SMART class rallies around faculty member

June 15, 2018
After Shannon Jones' dog passed away in January, her students worked together to find her a new puppy.

The students in Dr. Shannon Jones’ integrated science and math class accomplished much more than their academic workload this year — they helped heal a broken heart, too.  

Jones, who is director of biological instruction and program coordinator of the URISE integrated science program program, lost her dog, Myles, in January. Her students had met Myles, but more importantly, they had already formed a strong bond with Jones and could see she was struggling. When she was out for a week, they knew they wanted to do something for her. 

Melanie Cerron, ’21, was a student in the Science Math and Research Training (SMART) class, a course created to target students who are underrepresented in the sciences. In addition to the yearlong biology, chemistry and math courses, and summer research project, the program is meant to build a community among the students.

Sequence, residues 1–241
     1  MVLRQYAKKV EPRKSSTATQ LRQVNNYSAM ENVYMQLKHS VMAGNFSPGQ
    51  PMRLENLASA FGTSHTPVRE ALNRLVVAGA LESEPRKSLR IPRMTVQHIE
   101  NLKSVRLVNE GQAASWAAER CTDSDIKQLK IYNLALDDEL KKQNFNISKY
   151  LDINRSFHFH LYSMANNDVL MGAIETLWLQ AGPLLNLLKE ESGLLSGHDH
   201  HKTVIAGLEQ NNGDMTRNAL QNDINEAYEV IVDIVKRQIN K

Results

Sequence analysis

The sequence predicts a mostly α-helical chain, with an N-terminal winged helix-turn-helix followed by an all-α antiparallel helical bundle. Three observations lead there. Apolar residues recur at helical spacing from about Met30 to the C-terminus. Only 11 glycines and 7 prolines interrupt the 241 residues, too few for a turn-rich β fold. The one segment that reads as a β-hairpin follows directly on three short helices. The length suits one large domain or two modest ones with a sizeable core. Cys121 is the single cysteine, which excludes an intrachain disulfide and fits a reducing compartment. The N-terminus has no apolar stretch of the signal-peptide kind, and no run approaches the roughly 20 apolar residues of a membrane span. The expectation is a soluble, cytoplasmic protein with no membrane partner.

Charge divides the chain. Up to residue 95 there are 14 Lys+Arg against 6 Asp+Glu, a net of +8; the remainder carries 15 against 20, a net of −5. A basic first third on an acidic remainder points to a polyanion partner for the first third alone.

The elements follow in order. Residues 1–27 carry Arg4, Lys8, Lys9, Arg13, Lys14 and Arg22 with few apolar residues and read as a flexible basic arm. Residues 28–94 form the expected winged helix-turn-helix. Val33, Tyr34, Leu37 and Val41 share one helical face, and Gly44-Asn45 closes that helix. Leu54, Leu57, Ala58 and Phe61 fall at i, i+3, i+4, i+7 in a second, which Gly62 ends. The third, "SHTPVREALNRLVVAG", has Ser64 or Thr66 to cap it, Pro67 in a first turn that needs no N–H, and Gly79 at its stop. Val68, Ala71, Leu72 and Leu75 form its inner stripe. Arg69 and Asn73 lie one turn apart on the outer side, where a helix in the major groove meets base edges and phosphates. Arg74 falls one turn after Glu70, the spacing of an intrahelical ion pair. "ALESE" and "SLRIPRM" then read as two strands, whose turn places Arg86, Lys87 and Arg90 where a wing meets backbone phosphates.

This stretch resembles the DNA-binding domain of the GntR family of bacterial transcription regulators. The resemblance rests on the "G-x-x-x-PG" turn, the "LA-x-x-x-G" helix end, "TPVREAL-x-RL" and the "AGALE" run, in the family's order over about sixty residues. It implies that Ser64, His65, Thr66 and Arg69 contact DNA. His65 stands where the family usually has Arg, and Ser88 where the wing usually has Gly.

Cerron came across a puppy looking for a new home and had an idea. She messaged her classmates asking to chip in for expenses, and along with Jones’ colleagues, they collected money for the new dog. They wanted to keep it a secret, “but we didn’t want to get her a dog she wasn’t ready for,” Cerron said. So they told Jones about the idea, and she fell in love.

“She’s an amazing teacher,” Cerron said. “She strives to make us succeed. She’s very caring about all her students. She’s like the mom I don’t have here [on campus].”

That first puppy didn’t work out, but Jones found a different litter and let the class pick one out for her. And just like that, Louie Smart Jones came into all their lives — and keeps them company while researching e-cigarettes’ effects on microphages in Gottwald this summer.

“I was shocked that they wanted to do something,” Jones said. “Not only have they found community among themselves, but I’m a part of it. Louie is the embodiment of the kind of support we have here. I can’t really even put into words how special it is.”

Louie now spends his days inside Gottwald, socializing with other professors’ dogs, and bringing smiles to the students and tour groups alike.

“I see Louie and I’ll always think of them,” Jones said. “It’s kind of unbelievable. It’s a special bond.”